I’ve always had a hazy kind of affection for Edgar Allan Poe. His stories are strange and rich; his poems are satisfyingly moody. (He was also my middle school’s namesake – go Ravens!) In the canon of American literature, though, Poe cuts a more protean figure, as equally beloved as he is derided.
In his day, he was respected (or at least feared) as a critic, but as a writer he was every critic’s favorite whipping boy. In life he struggled to feed himself, but in death he’s universally acknowledged as the father of a somewhat obscure literary genre called detective fiction – maybe you’ve heard of it? Arthur Conan Doyle calls Poe’s stories “a model for all time,” while Ralph Waldo Emerson summarily dismissed “The Raven” in a single sentence: “I can see nothing in it.”
It’s not hard to understand why Poe’s writing draws such strong reactions. His work couples the melodramatics of a surly teenager with the unyielding grief you might expect in the lone survivor of a car wreck. Indeed, in a CNN interview given last year, John Cusack (yes – that John Cusack) talked about Poe as representing “some sort of collective sorrow.”
In his 1829* poem “Alone,” Poe writes:
From childhood’s hour I have not been
As others were – I have not seen
As others saw – I could not bring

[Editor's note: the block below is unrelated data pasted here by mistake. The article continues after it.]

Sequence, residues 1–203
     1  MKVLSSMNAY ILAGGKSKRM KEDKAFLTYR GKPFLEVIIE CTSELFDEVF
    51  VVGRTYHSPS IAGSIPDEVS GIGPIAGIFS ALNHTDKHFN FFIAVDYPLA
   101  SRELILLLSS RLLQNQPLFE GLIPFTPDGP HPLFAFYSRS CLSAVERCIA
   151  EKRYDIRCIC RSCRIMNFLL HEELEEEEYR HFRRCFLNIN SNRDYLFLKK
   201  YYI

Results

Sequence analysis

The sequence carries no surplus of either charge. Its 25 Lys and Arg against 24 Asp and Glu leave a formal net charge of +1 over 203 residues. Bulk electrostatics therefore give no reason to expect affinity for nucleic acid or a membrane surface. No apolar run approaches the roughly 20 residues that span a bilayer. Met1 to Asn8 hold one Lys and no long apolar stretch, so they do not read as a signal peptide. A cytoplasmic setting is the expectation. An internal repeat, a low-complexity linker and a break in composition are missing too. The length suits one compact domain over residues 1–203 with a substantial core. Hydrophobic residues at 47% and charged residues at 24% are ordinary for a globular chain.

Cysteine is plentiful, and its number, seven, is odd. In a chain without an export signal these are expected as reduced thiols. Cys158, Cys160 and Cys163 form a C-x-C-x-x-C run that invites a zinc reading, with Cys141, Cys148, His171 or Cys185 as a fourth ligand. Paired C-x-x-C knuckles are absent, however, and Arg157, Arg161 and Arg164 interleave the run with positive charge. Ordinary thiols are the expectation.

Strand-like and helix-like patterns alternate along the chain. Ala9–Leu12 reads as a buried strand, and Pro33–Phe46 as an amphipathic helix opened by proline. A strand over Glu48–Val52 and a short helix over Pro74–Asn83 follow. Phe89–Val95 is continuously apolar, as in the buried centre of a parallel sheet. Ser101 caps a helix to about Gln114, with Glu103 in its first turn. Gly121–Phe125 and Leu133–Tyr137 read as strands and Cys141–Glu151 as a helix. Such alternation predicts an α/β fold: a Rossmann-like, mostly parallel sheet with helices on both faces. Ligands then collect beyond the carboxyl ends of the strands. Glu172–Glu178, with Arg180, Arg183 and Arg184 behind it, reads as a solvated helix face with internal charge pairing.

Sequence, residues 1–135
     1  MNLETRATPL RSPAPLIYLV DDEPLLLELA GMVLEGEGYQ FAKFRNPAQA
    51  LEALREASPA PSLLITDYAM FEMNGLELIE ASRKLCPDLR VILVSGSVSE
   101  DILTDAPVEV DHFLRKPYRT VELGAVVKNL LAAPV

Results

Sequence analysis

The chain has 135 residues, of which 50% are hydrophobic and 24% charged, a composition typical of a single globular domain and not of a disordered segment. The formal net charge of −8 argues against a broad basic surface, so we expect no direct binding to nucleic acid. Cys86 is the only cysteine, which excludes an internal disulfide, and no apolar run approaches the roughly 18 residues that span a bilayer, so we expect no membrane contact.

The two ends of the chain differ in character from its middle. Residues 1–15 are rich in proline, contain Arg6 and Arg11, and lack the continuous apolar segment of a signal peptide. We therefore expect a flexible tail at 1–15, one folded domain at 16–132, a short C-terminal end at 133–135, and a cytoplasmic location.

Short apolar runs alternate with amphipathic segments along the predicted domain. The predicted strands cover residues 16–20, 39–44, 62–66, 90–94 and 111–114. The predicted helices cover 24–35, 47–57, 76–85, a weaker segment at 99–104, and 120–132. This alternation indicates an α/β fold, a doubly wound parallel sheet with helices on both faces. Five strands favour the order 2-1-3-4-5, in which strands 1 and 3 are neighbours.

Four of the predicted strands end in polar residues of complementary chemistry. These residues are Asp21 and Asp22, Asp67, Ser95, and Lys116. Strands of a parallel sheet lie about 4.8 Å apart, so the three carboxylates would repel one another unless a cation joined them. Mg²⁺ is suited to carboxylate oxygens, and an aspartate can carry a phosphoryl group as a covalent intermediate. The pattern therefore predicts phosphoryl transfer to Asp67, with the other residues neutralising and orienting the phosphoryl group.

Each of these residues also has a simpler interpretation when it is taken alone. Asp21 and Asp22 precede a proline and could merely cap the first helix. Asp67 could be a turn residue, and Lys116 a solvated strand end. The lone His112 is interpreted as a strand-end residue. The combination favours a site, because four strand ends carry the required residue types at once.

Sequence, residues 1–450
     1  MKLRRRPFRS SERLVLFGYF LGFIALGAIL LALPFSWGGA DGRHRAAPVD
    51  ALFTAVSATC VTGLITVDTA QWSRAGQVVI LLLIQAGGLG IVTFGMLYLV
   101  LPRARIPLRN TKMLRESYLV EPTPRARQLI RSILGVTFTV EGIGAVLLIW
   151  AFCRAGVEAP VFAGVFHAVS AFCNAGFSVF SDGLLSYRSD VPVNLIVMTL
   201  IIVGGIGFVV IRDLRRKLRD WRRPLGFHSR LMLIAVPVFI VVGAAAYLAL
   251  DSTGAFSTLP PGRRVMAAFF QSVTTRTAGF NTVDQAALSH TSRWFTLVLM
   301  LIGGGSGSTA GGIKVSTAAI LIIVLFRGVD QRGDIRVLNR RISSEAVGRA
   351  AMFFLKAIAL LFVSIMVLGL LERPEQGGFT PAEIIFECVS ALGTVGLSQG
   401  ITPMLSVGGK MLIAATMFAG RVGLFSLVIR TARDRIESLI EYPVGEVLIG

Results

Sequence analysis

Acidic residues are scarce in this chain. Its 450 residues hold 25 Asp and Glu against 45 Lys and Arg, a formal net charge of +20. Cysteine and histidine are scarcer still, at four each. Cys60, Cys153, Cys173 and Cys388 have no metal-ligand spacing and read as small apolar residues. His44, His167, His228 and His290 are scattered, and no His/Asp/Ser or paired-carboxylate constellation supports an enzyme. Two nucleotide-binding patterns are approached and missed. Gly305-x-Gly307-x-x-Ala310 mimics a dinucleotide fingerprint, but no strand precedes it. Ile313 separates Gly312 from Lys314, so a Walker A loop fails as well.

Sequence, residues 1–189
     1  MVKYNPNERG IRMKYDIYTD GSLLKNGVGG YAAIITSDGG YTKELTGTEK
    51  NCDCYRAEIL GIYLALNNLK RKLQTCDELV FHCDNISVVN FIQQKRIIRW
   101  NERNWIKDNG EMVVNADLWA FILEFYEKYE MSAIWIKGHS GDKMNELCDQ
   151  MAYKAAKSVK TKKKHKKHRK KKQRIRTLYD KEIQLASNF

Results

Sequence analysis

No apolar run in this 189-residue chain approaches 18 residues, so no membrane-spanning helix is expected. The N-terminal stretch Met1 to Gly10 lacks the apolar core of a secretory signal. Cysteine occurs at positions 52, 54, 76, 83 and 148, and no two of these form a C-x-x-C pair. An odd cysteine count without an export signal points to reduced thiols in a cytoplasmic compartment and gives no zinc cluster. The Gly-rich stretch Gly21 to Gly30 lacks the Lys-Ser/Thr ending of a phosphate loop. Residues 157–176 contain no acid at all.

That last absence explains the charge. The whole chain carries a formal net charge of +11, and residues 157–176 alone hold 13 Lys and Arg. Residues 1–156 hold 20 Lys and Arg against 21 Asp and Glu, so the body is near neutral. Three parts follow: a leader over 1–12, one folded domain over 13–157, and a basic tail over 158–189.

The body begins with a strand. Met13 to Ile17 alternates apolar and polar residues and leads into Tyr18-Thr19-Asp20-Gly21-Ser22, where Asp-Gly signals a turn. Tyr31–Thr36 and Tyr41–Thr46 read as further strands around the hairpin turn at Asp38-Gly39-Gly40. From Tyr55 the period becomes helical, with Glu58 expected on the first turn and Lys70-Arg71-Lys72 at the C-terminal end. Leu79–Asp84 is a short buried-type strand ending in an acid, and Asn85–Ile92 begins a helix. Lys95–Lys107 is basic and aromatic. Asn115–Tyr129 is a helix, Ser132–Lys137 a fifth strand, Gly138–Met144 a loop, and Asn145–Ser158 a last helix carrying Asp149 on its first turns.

My passions from a common spring –
From the same source I have not taken
My sorrow – I could not awaken
My heart to joy at the same tone –
And all I lov’d – I lov’d alone –
Somewhere in there, I think, is the seed of his continued popularity. The poem twines together inextricably both the surliness and the grief into something altogether recognizable: a kindred spirit.
In any case, one thing remains clear: Poe’s writing lends itself easily to visual interpretation. Some of the greatest illustrators from the 19th and 20th centuries produced excellent editions of Poe’s work – Arthur Rackham, Edmund Dulac, Gustave Dore. The very best of them though is Harry Clarke.
When it was first published in 1919, Clarke’s edition of Poe’s Tales of Mystery and Imagination featured 24 full-page black-and-white illustrations, as well as a handful of vignettes. In 1923, another edition was published with an additional 8 full-page color plates.
A prominent figure in the Irish Arts & Crafts Movement, Clarke was greatly influenced by Art Noveau in general and Aubrey Beardsley in particular.
The Irishman’s illustrations so strongly match the baroque detail and gothic tone, the macabre humor and straight up creep factor of Poe’s writing, that it’s easy to imagine the artwork generated the stories, rather than the other way around.
Over the course of his career, Clarke published editions of other literary works – most notably Goethe’s Faust and Andersen’s Fairy Tales – but his primary artistic vocation was not book illustration. It was stained glass. And by any standard, he was a master.
*Although it was composed in 1829, “Alone” wasn’t published until 1875, more than 25 years after Poe’s death.